will reignite. The slaughter of inno
- cents will begin again,” he said.
Despite misgivings, it appeared
Congress would give Clinton his way.
Senate Majority Leader Bob Dole said
he believed in the constitutional au
thority of the president and added,
“No doubt about it, whether Congress
agrees or not, troops will go to Bosnia.”
In a prime-time address from the
Oval Office, Clinton acknowledged
American troops will face danger and
he assumed “full responsibility” for
any casualties. However, he laid down
a marker to anyone threatening the
peacekeepers: “America protects its
own. Anyone—anyone—who takes
on our troops will suffer the conse
quences. We will fight fire with fire
and then some.”
He said a small number of Ameri
can troops would go into Bosnia some
time next week to lay the groundwork
for thousands more to come, probably
“Let us lead,” Clinton implored in
a 20-minute speech delivered in som
ber tones. “That is our responsibility
Clinton pledged that the U.S. mis
sion —expected to last up to a year—
would be limited, focused and under
the command of an American general.
“America cannot and must not be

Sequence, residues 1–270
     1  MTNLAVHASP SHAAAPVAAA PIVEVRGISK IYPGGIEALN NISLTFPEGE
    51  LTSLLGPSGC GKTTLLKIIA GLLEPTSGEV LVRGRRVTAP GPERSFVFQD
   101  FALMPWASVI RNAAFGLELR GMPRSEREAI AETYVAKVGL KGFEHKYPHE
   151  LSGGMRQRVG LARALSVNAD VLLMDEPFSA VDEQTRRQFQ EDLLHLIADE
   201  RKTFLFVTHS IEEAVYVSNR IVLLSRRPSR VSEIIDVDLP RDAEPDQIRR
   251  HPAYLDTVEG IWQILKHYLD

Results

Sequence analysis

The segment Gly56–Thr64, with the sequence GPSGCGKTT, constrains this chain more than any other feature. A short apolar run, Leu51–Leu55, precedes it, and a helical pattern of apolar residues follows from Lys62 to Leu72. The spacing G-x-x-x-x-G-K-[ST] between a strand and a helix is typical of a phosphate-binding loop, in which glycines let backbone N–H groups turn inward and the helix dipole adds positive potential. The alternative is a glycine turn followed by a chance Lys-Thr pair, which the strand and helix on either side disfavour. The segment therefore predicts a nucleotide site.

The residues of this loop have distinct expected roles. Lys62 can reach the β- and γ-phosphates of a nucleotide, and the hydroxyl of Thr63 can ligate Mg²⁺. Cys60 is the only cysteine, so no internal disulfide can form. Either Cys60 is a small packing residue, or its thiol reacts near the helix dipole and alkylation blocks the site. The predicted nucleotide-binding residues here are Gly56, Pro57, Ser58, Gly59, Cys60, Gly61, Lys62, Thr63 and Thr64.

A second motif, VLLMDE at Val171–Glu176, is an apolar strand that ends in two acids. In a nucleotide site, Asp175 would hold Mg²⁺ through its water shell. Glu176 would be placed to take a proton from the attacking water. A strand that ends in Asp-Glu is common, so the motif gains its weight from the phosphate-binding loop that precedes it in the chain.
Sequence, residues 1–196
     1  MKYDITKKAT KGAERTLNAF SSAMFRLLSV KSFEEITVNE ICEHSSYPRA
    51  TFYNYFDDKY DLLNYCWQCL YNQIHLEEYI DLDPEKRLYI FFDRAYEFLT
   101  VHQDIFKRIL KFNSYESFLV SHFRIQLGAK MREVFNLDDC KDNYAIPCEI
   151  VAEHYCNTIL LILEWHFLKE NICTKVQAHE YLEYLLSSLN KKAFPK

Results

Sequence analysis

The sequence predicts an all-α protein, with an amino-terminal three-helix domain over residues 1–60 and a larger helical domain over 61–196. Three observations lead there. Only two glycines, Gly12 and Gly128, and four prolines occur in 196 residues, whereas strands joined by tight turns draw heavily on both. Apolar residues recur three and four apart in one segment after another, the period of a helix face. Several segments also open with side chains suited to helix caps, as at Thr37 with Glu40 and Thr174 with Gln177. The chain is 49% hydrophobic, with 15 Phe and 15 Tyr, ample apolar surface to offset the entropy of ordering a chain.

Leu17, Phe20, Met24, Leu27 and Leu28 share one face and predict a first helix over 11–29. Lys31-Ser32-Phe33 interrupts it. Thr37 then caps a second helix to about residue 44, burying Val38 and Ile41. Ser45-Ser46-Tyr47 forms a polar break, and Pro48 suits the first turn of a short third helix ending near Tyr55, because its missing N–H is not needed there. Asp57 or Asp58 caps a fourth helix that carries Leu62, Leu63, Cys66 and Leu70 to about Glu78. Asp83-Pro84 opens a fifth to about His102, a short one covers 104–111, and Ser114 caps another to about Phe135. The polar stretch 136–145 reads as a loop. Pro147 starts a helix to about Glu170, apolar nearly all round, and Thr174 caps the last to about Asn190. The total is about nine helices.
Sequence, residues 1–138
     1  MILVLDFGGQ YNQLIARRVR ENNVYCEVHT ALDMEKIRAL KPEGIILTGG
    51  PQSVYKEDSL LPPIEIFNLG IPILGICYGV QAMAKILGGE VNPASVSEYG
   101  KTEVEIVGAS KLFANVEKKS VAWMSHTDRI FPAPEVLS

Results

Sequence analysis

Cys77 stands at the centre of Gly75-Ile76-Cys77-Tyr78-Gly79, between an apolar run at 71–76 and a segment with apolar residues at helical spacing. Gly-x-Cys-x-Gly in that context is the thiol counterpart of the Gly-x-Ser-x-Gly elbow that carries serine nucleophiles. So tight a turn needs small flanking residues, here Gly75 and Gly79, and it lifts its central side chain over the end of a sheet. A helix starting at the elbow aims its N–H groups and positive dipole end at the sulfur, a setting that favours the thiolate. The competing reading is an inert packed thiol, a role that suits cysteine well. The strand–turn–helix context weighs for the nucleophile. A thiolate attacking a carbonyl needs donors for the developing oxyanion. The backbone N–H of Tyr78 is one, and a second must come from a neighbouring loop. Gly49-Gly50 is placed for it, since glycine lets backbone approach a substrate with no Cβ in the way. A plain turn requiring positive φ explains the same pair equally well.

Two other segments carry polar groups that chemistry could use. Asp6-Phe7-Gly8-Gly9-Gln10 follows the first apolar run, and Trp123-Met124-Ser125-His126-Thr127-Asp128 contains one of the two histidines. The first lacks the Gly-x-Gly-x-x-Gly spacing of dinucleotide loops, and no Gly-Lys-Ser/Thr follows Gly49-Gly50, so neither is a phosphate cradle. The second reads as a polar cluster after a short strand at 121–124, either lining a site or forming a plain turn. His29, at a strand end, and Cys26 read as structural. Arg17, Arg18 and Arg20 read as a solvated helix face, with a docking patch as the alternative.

the world’s policemen,” he said. “We
cannot stop all war for all time but we
can stop some wars. We cannot save
all women and all children but we can
save many of them. We can’t do ev
erything but we must do what we can
“My fellow Americans, in this new
era, there are still times when America
— and America alone — can and
should make the difference for peace.”
Clinton’s prime-time address
kicked off an intense administration
campaign to break down skepticism
to what Pentagon planners regard as
See CLINTON on 2
Jury in Schlondorf trial
narrowed down to 12
oy den ^eieny
Thirty-six potential jurors will be
narrowed down to 12 today in
Lancaster County District Court as
the attempted second-degree murder
trial of former UNL student Gerald
The group was selected from a 57
member jury pool Monday after about
five hours of questioning from Judge
Bernard McGinn and prosecuting and
A 911 dispatcher and a Russian
immigrant who understands little En
glish were among the jurors who were
eliminated. Seventeen potential jurors
were dismissed ai random ai me end
of the session Monday.
Schlondorf, 32, entered a plea of not
guilty by reason of insanity on nine
felony charges, including two counts of
attempted second-degree murder, as
saulting a police officer, making terror
istic threats, and four counts of using a
weapon to commit a felony.
Schlondorf, dressed in a white and
blue striped dress shirt with a blue tie,
did not look around much but eyed
potential jurors as they were called
and seated in the jury box. Through
out the day ,’he occasionally closed his
eyes and briefly dozed off.
See SCHLONDORF on 3